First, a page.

PB Swiss Tools produces high-quality tools and medical instruments for the global market in its factory in Emmental. In order to continue improving process efficiency and quality, the company is also investing in automation solutions. For example, PB Swiss Tools has recently become the first Swiss company to purchase an IRB 1300 from ABB and has integrated this into an OmniCore production cell along with another robot.
PB Swiss Tools hand tools are used by professionals on every inhabited continent. The quality of the tools is legendary. The traditional company offers a lifetime guarantee on material defects and manufacturing errors. Thanks to a serial number on each tool, all of the production steps right down to the raw materials used can be traced, which is a requirement for medical instruments.
Enormous vertical integration at the company locations
Production takes place exclusively at the two locations in Emmental – Wasen and Sumiswald. The vertical integration is enormous; “Swiss made” writ large: PB Swiss Tools manufactures everything itself on site, using delivered raw materials such as bars of especially hardened special steel or plastic granulate. Equally comprehensive is the high-tech machinery for metal and plastic processing as well as for electroplating, which are used to produce the components for the tools.
There are 17 ABB robots currently being used in the production of our tools. “We are constantly developing new products for our customers as well as improving existing production workflows with the aim of safeguarding our competitive position in relation to competitors from low-cost countries,” said Eva Jaisli, CEO of PB Swiss Tools, before commenting that it is also important to ensure the greatest possible flexibility in production, as the tools are produced in numerous versions. The automation of work steps helps to maintain Switzerland’s position as a production location and also allows for growth – in our workforce, too. “We now employee considerably more people than we did eight years ago,” stated Jaisli.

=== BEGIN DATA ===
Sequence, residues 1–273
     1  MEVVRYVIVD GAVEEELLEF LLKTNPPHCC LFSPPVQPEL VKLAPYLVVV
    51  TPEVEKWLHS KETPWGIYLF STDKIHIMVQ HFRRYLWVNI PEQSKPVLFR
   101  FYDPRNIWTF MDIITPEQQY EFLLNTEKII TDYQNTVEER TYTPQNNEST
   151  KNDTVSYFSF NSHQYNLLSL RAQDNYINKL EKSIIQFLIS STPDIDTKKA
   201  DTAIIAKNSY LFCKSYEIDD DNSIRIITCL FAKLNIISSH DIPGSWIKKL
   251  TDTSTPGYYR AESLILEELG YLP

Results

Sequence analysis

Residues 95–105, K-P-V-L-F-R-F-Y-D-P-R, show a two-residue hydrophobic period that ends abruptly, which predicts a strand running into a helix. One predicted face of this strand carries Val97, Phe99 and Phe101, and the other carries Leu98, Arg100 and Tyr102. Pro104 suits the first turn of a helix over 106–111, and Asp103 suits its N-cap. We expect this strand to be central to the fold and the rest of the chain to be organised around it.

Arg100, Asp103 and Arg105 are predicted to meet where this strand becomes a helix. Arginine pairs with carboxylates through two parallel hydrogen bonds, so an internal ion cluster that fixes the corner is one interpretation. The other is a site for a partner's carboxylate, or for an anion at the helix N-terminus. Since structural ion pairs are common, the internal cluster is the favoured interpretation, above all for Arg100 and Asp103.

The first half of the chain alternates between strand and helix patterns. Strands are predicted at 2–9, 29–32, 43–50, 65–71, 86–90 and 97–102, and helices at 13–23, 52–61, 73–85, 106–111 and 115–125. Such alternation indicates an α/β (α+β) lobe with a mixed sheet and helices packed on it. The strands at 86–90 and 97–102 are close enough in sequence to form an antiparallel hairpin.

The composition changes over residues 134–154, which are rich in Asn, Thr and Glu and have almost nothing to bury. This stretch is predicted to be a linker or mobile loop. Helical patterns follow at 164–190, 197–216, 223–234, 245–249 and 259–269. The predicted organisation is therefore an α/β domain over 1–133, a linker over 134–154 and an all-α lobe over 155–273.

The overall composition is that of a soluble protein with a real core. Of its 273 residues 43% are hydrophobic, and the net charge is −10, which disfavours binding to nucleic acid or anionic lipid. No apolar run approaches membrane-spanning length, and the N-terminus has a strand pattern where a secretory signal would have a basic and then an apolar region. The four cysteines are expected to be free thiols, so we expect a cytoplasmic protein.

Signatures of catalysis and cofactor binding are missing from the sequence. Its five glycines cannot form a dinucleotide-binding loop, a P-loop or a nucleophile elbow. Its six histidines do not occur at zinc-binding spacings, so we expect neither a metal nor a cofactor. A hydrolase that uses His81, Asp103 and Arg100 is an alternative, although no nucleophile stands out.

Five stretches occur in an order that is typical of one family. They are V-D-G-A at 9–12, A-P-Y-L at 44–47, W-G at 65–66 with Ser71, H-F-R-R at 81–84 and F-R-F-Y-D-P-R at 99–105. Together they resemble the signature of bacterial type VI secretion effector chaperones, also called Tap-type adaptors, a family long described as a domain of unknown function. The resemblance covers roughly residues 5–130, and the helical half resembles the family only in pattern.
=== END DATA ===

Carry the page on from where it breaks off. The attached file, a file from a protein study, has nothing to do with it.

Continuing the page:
Recoilless thanks to movable weights
One of PB Swiss Tools’ best-selling products is the dead-blow hammer. Movable weights incorporated into the hammer head swing in the same direction as the hammer blow, and in doing so allow for full and accurate hammer strikes without any recoil. “For this purpose, we insert steel washers in the hammer head in such a way that they are strung on a pin and can move freely,” explained Heinz Kobel, who works as an Engineering Project Manager at PB Swiss Tools and can look back at a 35-year career with the company.
Heinz Kobel stood next to the new OmniCore robot cell.
“We had previously partially automated this production step with a robot. In order to improve production speed and improve accuracy, we decided to build a new robot cell for automated production,” said Kobel. The team headed by Heinz Kobel integrated and programmed the robot themselves.
Two new ABB robots integrated into the cell
For the new cell, he evaluated two new material handling robots which would complement an existing welding robot in its own cell. “Due to our good experiences, we contacted ABB again to take a look at their robots,” explained Kobel. “They suggested two new robots from their portfolio – the IRB 1100 and the IRB 1300. We were impressed by the benefits they would provide.”